“I didn’t want to end up with mugshots. You know, tasteless, without any kind of soul. I wanted to take portraits to really project the beauty of the eyes,” says Abu Dhabi-based photographer Noura Al Neyadi of her latest project ‘Eyes & Stories,’ shot inside four COVID-19 screening facilities across the emirate.
It’s only when she says it that I laugh and actually notice how easily her project could have turned into just that. How easily an attempt to document the people working tirelessly on the frontlines could have become dehumanising, a collection of atomised stories snapped hurriedly between tending to patients.
But it isn’t. In each of Al Neyadi’s photographs, there’s a blinding humanity. Some are light-hearted and humorous, some are honest moments of fear, and most are odes to loved ones. Al Neyadi’s heartfelt series featuring 150 doctors, nurses, cleaners, security guards, and volunteer workers at the frontlines of Abu Dhabi’s Coronavirus fight is a masterclass in portraiture.
“Since the beginning of this pandemic, as a photographer, it’s been an obsession to me, on how to document this pandemic,” says Al Neyadi. “I was really curious about the kind of people who would pause their lives, hop on, and work in the screening facility. The main goal of the project was to photograph everyone working there, regardless of their background, and for everyone to talk about themselves and say something that they would like to share with the world. I wanted them to feel appreciated.”
“And at the same time,” she continues, “I wanted to share this beauty with the community of the people staying at home. There are a lot of people who are actually not in the field, and they don’t know what’s happening, and they don’t know the hardship that these people had to go through, in order to provide these services.”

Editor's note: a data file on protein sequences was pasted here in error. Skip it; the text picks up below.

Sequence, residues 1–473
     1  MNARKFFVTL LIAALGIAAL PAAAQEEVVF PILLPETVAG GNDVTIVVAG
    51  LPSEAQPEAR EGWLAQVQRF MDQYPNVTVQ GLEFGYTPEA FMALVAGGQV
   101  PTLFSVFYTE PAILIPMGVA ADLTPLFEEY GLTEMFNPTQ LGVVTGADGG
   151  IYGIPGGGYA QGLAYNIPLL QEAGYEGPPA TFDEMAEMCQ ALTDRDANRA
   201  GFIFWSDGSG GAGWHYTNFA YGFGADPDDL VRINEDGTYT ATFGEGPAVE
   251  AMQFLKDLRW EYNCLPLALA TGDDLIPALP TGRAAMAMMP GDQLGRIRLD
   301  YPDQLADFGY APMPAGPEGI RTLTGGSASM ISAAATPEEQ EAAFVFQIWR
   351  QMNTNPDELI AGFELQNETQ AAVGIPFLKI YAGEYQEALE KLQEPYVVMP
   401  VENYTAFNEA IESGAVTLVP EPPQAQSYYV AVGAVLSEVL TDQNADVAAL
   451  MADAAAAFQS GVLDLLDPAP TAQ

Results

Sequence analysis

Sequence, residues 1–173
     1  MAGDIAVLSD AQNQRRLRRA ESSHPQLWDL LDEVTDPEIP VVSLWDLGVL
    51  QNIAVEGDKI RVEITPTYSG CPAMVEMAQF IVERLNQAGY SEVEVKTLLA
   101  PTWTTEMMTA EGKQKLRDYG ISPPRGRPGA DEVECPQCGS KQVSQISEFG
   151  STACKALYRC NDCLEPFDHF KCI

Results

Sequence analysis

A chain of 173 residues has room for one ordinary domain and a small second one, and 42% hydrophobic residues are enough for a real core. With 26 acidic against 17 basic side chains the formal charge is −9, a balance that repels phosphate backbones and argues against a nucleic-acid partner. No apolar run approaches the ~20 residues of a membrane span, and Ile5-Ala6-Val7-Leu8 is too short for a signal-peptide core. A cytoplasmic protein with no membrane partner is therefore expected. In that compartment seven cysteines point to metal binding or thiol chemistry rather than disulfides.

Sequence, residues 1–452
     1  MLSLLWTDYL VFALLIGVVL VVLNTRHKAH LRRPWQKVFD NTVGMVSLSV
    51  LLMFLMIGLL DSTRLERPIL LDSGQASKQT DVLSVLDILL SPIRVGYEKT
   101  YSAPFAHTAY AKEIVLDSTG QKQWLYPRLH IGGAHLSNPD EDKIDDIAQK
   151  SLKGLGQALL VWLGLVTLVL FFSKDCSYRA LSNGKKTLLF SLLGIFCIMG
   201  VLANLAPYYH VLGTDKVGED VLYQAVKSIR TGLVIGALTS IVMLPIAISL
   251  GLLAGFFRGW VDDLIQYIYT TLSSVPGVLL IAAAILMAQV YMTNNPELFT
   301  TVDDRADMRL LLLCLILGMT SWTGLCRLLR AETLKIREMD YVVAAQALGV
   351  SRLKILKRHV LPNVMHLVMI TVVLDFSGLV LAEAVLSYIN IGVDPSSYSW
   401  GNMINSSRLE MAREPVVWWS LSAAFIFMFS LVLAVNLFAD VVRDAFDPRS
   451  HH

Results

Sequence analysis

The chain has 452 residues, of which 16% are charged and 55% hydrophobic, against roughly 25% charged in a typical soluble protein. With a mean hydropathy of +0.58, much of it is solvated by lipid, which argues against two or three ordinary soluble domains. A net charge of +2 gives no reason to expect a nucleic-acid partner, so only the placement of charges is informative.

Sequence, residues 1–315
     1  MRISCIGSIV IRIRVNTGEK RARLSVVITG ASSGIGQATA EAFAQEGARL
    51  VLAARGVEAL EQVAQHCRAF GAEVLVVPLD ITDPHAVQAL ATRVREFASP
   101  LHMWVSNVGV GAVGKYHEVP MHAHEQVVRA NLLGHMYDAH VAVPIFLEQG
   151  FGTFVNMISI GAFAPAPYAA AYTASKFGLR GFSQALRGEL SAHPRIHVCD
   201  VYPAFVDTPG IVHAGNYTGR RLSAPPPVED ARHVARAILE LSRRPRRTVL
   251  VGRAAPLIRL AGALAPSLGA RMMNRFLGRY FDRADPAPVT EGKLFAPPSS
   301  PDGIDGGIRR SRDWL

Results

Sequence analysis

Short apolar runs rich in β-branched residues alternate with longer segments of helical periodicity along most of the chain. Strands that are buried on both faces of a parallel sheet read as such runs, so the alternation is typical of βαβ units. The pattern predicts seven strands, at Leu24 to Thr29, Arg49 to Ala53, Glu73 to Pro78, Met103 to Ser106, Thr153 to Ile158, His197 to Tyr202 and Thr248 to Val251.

Further precluding her ‘mugshot’ fears, Al Neyadi made sure she took the time to interview each of her subjects, having them warm up to the camera first before clamming up in front of it. “It was times when the whole world was dealing with the unknown, and all the struggles, in these facilities, I saw my community coming together, supporting each other, working towards serving my community. And a lot of people I interviewed [who aren’t originally from the UAE] call this country home, and that made me feel that I am very lucky and fortunate to be able to live in this land.”
Al Neyadi laughs as she takes me through the safety measures she put in place to ensure her photography project doesn’t put her or anyone else in danger of infection. “I had to quarantine all of Ramadan, away from my family. I had to take the test before entering the screening facility, wait for the result, get into the screening facility, finish my shooting, leave the screening facility, take the test again, and never visit the next screening facility before my second test result came in. As you can see, I had to really put safety measures before anything else.”
Because of the occupational hazards of shooting in a virus testing centre, Al Neyadi eventually switched out her heavy camera for her iPhone, with which she shot most of the series.
The photographer had set out to do what artists like her do best: document for those not on the ground. What she didn’t expect, however, is the impact of her short interviews and portrait sessions on those in the facilities themselves, what she says had the feel of an overwhelming beehive of people rushing around.
“These are people under severe stress and a lot of pressure,” she explains. “I was close to tears when a few of them told me that my project is giving them a bit of joy and a positive push: that there are people who are really interested in their work, who appreciate what they’re doing, and there’s someone who wants to listen to them talk and give them the platform to do that.”
You can check out more of the series on Al Neyadi's Instagram.